Early treatment of multiple sclerosis to prevent neurologic damage
ABSTRACT Multiple sclerosis (MS) involves ongoing accumulating CNS damage. Precisely which environmental factors trigger onset and progression of the disease are not known. However, clinical trials indicate benefits from early use of disease-modifying therapies (DMTs). All the completed clinically isolated syndrome trials (CHAMPS, ETOMS, BENEFIT, PRECISE) reported significant suppression of subsequent relapse and MRI lesion formation from use of DMT at the first relapse. This article reviews data on early treatment. Such an approach requires the ability to recognize clinically isolated syndrome features that indicate a diagnosis of MS.
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ABSTRACT: Multiple sclerosis is the most common non-traumatic neurodegenerative disease in adults. Most of the patients present with both physical and mental deficits which reflect the dissemination of the lesions in the central nervous system, produced by the inflammatory process. The incomplete recovery after relapses, the accumulation of new deficits and the progressive nature of the condition interfere with daily activities of individuals and have a negative impact on their well-being. Indeed, studies show that quality of life measurements are constantly lower in patients with multiple sclerosis. Estimation of health-related quality of life is being increasingly recognized as necessary when analysing the effectiveness of treatment modalities and for the follow up of patients with chronic diseases such as multiple sclerosis. Current immunomodulatory interventions that are shown to reduce the frequency of relapses and delay disease progression might also have a positive effect on quality of life measurements. Additive pharmacological agents that target cognitive impairments and common symptoms such as depression, fatigue and pain, along with life-style modifications and rehabilitation programmes are also important for the appropriate management that aims to improve quality of life.International Review of Psychiatry 01/2010; 22(1):67-82. DOI:10.3109/09540261003589521 · 1.80 Impact Factor
Article: The biology of E7[Show abstract] [Hide abstract]
ABSTRACT: Papillomaviruses, which produce either benign or malignant lesions have to replicate in cells that are programmed to terminally differentiate. Therefore, both groups of viruses have to stimulate cells into S-phase for successful replication. HPV-16 E7 stimulates G1 to S-phase progression by a series of interactions, which hinge on the ability of the protein to modulate cellular transcription, usually of genes that are essential for successful passage through G1 and into S-phase, such as cdc25A and cyclin E/cdk2. In addition, E7 can regulate the activity of kinase inhibitors such as p21CIP, so that they are shunted to the cytoplasm and away from the site of action of cyclin kinases in the nucleus. The mechanism involves the activity of the Akt family of kinases, but how this is regulated by E7 is unclear, although it may involve genes modulated by Rb. While the interaction with Rb is important, there are Rb-independent interactions, which are also important for E7 biology and it will be interesting in the coming years to determine the nature of these proteins and their function.While progress has been made in delineating the pathways used by malignant viruses to stimulate the cell cycle, the big unknown is how HPV-6 and other benign viruses achieve the same feat. So far, nearly all the biology observed with HPV-16 E7 is not observed with HPV-6 E7, and so it is difficult to see how these latter viruses could stimulate G1 to S-phase by the same pathways. The next few years will I hope see some advances in understanding the biology of the low risk types.Perspectives in Medical Virology 01/2002; DOI:10.1016/S0168-7069(02)08018-7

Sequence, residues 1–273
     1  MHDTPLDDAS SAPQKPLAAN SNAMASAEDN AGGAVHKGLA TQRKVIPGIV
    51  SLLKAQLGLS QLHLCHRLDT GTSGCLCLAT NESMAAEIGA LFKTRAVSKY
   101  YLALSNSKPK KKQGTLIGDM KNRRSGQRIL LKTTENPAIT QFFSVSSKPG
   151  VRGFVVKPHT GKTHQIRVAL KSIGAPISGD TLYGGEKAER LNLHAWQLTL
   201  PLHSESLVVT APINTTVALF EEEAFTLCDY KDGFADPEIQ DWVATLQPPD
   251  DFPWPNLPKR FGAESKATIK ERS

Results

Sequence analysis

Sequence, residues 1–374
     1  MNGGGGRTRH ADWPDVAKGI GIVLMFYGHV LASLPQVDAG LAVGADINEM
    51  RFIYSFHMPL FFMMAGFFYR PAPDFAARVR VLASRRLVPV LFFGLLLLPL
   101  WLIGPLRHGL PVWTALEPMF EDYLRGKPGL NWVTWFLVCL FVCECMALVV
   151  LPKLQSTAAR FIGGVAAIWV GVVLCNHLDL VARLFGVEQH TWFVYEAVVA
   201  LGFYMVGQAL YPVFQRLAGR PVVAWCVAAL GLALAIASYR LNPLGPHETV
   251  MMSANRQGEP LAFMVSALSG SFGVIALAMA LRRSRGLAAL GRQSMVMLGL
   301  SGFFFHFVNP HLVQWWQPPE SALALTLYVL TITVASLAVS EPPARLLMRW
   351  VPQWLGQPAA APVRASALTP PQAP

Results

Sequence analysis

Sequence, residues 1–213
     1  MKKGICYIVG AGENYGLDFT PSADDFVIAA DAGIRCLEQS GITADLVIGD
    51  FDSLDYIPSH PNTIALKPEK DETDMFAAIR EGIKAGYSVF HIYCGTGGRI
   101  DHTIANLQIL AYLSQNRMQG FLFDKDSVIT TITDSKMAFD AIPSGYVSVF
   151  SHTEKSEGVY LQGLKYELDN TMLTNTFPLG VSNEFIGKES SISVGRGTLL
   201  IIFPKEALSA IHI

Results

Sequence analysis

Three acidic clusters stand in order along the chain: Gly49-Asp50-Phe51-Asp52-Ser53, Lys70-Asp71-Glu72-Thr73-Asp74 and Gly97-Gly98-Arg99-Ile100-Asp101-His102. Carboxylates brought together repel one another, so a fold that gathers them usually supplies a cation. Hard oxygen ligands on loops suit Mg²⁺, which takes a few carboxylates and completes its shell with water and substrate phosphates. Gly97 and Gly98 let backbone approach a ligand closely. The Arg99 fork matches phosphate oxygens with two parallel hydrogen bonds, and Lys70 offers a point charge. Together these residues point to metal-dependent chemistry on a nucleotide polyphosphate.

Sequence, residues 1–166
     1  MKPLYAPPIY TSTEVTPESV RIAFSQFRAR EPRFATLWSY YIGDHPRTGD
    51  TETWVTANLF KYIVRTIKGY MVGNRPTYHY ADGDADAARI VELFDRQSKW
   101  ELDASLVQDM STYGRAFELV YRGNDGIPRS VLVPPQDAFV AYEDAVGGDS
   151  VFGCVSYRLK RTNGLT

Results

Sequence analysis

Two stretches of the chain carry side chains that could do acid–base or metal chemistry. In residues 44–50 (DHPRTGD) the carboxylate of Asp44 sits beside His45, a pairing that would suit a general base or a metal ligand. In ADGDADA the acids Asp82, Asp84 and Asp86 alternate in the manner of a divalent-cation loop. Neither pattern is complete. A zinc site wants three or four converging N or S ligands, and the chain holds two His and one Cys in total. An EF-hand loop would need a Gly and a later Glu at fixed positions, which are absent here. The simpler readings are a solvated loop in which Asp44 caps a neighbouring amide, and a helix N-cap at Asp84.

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ABSTRACT: The management paradigm for multiple sclerosis (MS) continues to evolve and is shifting toward earlier diagnosis, differentiation of patients with varying clinical prognoses, and earlier initiation of treatment in selected individuals. Based on surveys conducted at the 2008 annual conference of the Academy of Managed Care Pharmacy (AMCP) and at regional meetings held in 2009, several topics were identified for which pharmacists indicated a need for new and updated information. To review (a) recent insights into the pathophysiology underlying MS, (b) the improvements in identification of patients with a clinically isolated syndrome (CIS) who will progress to clinically definite MS (CDMS), (c) the current role of magnetic resonance imaging (MRI) and other technologies in the diagnosis and ongoing management of MS, (d) the optimal time to initiate treatment in patients with CIS or MS, and (e) the potential utility of new and emerging therapies in MS management. The medical education company PRIME conducted an educational needs assessment regarding knowledge of recent developments and future directions in MS management at a symposium held at the Academy of Managed Care Pharmacy Educational Conference in Kansas City, Missouri, on October 17, 2008. This was augmented by an ongoing educational needs assessment initiative that involved a national series of regional dinner meetings for managed care pharmacists on the topic of MS in the first 3 quarters of 2009. Collectively, these needs assessments were designed to determine educational gaps that existed after participants attended the symposia on MS, in an effort to plan a follow-up enduring educational activity that addressed those gaps. Measures of learners' post-program intent were collected, as well as specific topic areas recommended for a follow-up activity. Advances have been made in the understanding of CIS subtypes and refinement of MS diagnostic criteria. Early initiation of treatment in patients with a CIS has been shown to prolong the time to progression to CDMS, delay the development of disability, and may also decrease longterm health care costs. In addition, a number of novel therapies for patients with MS are in late stages of clinical development, including several oral medications that are of particular interest to managed care pharmacists. These will provide potentially attractive treatment alternatives for patients with MS, who currently must choose from a selection of injectable drugs.Journal of managed care pharmacy: JMCP 01/2009; 15(9 Suppl A):S2-15; quiz S16-7. · 2.68 Impact Factor